ty, not more than two or three of whom had ever travelled by railroad before.
Though at the risk of trying your patience too long, I should like to say a few words of some of my old Medford friends who have passed away—some of whom I hope may still be kindly remembered by some of you. Let me mention Mr. P. C. Brooks, then probably the richest man in New England, Rev. Caleb Stetson, well esteemed even among those who differed most widely from his religious views, the elder E. F. Hastings, D. Hall, Captain King, father of Mrs. D. C. Hall, Rev. C. Brooks and T. Cotting, with both the latter of whom I was associated many years on the school committee, and Mary and Lucy Osgood, who had a celebrity in the scholarly society of the vicinity not limited to Medford.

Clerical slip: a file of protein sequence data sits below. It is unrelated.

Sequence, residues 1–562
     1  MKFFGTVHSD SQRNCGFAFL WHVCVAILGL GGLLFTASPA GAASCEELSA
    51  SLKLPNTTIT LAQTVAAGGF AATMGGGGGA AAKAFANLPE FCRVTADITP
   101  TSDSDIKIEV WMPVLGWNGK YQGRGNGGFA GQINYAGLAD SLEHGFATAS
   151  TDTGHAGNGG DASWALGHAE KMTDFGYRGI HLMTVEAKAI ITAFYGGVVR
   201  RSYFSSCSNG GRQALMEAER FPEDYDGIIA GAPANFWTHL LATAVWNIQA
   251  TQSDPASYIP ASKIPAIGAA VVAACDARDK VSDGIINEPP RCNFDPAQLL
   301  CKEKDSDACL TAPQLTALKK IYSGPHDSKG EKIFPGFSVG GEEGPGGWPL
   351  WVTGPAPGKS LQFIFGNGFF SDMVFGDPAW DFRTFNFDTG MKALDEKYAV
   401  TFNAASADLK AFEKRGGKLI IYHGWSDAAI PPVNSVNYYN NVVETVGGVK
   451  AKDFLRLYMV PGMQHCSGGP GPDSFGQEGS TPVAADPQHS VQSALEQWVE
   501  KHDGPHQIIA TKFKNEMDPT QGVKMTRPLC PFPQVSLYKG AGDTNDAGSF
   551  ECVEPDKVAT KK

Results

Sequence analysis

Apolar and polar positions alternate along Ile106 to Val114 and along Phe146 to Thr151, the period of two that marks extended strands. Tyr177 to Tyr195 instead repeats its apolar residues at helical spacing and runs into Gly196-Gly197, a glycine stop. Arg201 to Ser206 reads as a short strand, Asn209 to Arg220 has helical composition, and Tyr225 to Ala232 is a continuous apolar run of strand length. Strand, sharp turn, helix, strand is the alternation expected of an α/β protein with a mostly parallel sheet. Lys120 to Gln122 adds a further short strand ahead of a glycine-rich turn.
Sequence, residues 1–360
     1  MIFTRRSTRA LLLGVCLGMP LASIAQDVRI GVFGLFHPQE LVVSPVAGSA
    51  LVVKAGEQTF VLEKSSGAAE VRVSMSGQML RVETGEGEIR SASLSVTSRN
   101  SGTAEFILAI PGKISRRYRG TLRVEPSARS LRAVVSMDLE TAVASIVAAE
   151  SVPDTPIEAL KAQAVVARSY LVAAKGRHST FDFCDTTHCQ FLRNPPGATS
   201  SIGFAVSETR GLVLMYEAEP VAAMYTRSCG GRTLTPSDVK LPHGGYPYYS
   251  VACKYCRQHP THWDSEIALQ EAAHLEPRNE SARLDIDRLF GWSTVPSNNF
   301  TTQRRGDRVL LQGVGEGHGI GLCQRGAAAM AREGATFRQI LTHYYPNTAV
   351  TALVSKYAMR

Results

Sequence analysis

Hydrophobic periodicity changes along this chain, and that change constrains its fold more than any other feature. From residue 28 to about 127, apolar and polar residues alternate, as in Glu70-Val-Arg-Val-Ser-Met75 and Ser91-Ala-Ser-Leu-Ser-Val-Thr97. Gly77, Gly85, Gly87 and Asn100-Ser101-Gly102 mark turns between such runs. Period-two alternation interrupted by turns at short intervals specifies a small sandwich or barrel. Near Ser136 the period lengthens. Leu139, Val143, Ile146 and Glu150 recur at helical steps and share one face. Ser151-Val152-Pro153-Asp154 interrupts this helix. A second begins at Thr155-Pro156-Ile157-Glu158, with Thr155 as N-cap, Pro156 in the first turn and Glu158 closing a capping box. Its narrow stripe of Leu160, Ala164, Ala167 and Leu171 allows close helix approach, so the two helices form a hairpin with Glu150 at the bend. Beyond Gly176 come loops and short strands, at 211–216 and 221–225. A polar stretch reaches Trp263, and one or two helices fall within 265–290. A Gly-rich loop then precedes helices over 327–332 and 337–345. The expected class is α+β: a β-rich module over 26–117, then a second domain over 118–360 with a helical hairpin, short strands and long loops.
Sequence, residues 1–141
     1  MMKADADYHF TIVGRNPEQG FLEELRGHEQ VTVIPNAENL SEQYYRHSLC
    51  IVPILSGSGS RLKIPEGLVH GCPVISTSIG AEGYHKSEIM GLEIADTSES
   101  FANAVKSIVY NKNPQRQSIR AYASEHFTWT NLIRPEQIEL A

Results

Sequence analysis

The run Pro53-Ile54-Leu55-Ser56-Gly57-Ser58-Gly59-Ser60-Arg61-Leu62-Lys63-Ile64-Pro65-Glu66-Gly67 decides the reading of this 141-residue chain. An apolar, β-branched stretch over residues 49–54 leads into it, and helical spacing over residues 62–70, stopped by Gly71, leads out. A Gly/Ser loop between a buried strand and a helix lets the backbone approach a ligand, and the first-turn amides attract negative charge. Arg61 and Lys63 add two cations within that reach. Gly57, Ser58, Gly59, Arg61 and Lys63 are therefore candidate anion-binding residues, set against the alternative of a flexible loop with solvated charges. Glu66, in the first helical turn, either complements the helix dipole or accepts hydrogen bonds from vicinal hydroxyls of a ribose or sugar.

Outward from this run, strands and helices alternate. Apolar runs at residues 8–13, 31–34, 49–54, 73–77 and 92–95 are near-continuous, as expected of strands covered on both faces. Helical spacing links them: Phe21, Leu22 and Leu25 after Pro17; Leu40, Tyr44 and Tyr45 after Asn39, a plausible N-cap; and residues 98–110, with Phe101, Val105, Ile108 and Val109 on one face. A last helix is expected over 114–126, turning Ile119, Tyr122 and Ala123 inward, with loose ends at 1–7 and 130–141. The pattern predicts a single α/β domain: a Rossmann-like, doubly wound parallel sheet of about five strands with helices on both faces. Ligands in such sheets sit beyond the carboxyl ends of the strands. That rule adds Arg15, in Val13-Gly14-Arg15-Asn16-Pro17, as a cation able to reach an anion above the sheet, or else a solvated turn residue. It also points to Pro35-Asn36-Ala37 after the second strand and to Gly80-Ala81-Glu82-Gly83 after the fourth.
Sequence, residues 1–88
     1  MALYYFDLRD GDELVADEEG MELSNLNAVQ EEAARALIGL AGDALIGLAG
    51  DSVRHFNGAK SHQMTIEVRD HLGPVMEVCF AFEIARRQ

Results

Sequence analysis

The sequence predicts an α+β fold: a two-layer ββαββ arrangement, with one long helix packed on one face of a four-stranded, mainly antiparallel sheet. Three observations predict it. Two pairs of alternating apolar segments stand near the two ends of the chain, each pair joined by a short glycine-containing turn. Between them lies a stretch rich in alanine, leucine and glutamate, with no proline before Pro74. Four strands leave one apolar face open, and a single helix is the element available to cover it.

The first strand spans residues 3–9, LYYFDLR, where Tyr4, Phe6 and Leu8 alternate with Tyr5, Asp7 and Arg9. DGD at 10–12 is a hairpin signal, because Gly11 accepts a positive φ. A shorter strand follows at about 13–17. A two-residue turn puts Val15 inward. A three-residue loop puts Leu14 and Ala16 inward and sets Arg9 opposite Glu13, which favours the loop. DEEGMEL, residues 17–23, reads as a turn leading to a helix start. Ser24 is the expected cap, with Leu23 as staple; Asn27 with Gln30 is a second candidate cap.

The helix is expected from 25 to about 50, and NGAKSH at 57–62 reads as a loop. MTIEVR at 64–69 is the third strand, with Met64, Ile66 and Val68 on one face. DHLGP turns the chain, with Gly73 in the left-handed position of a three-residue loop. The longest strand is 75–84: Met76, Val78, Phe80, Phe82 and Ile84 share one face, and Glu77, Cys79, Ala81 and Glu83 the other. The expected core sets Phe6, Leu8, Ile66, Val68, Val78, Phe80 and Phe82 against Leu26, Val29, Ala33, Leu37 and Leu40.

They were intelligent, highly cultivated, well versed in ancient and modern languages and literature, taking up the study of German after reaching the age of fifty.
Mary, the elder, was bright, quick in forming her opinions or